In addition, the processing of personal data may require the consent of the data subject. The consent is valid only if it is given freely and specifically, and is provable. In this respect, however, the EU authorities do not recommend that employers ask directly for employees' consent, as employees are considered 'vulnerable subjects'. Consent is not required, inter alia, when the data is necessary for the performance of a contract to which the data subject is party; when the data is necessary for compliance with a legal obligation to which the controller is subject; or when the data is necessary for the purposes of the legitimate interests pursued by the controller or by a third party.

Sensitive data, defined in the GDPR as 'particular categories of data', may be processed with the written consent of the data subject or if, for example, the data is necessary for the purposes of carrying out the obligations and exercising specific rights of the controller or of the data subject in the field of employment and social security and social protection law, insofar as it is authorised by the European Union or national law, or a collective agreement pursuant to national law.

The GDPR grants to the employee the right to access his or her personal data. This must be easy and free. The employer is required to adopt adequate security measures, namely security measures that, based on technical progress, prove to be adequate to avoid any risk of destruction, loss or unauthorised access of the data, taking into account the state of the art, the costs of implementation and the nature, scope, context and purposes of processing. Transfers to non-EU countries are subject to some conditions, including:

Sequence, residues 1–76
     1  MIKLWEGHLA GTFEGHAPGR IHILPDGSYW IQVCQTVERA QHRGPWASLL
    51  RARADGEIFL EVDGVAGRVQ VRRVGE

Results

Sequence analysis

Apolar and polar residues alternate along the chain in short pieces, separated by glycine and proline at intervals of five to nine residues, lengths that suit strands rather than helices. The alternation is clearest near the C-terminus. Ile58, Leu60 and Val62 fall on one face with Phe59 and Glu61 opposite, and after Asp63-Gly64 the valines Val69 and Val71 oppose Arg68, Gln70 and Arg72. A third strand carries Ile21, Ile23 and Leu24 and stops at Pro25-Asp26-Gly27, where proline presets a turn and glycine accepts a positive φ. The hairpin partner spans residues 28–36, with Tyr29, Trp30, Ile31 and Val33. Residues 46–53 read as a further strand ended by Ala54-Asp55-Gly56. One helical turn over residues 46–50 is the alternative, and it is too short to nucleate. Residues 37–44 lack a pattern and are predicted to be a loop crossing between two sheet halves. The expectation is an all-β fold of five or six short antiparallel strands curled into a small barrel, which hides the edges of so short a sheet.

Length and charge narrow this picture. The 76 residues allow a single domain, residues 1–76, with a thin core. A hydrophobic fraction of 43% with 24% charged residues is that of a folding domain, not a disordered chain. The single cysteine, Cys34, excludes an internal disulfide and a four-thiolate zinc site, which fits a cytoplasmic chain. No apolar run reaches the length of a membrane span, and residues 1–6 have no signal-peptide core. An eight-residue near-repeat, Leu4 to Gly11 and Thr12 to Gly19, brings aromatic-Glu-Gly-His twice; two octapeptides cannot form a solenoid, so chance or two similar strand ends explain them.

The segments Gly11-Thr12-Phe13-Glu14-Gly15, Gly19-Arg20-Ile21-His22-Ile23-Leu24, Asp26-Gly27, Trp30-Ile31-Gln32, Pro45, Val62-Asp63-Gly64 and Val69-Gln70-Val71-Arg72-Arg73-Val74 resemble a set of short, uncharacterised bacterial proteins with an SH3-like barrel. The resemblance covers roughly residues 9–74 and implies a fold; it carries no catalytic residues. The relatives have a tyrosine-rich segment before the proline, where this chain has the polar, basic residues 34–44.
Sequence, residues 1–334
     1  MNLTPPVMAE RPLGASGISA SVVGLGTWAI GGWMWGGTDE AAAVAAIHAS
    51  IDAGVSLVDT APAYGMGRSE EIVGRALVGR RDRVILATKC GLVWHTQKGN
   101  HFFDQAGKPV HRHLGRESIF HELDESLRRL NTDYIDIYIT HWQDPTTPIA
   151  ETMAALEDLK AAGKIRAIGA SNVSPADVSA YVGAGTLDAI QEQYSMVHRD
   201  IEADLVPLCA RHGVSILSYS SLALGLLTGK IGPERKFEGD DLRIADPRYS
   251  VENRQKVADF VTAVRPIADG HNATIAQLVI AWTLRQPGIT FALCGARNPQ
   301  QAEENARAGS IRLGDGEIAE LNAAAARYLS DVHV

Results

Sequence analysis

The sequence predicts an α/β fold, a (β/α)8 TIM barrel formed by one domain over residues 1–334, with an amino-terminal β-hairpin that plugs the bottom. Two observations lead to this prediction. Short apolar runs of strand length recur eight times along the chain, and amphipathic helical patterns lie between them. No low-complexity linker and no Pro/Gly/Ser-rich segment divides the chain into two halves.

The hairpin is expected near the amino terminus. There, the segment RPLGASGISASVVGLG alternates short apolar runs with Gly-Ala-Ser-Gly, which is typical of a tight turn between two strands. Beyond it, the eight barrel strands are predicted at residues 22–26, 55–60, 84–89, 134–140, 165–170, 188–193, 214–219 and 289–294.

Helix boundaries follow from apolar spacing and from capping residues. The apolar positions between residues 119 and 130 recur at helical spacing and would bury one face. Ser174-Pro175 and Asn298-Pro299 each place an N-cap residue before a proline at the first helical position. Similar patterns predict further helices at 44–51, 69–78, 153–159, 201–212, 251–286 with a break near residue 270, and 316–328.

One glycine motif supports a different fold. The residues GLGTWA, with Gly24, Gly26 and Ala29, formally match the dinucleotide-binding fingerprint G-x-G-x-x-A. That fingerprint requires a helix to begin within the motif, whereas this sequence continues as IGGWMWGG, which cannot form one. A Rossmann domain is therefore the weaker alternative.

1. the consent of the data subject (provided that, if there is no adequacy decision or appropriate safeguards, he or she is aware of the possible risks of the transfer);
  2. the necessity of the transfer for the execution of an agreement to which the data subject is a party or the implementation of pre-contractual measures taken at the data subject's request; and
  3. the necessity of the transfer in order to establish, exercise or defend legal claims.

The transfer of data to third countries is, however, always allowed if the controller has implemented the measures provided by the GDPR (e.g., standard contractual clauses approved by the European Commission or binding corporate rules) or if there is an applicable EU decision (e.g., Swiss and Canadian authorisations, American companies adhering to the Privacy Shield principles). In such cases, no further action to seek consent (with the exception of the information notice) is required.

There are also restrictions on background checks. From both a privacy and a labour standpoint background checks may only be carried out provided that:

  1. the purposes of the investigation are previously identified and are legitimate;
  2. the relevant information is not excessive in relation to its purpose; and
  3. the data to be collected is strictly related to the functions and responsibilities connected to the employment relationship.

The investigations must be preceded by an adequate information notice to the applicant or employee illustrating some details of the data processing and in some cases requesting express consent. Judicial data (e.g., criminal records) may be collected only if there are laws or regulations authorising its processing.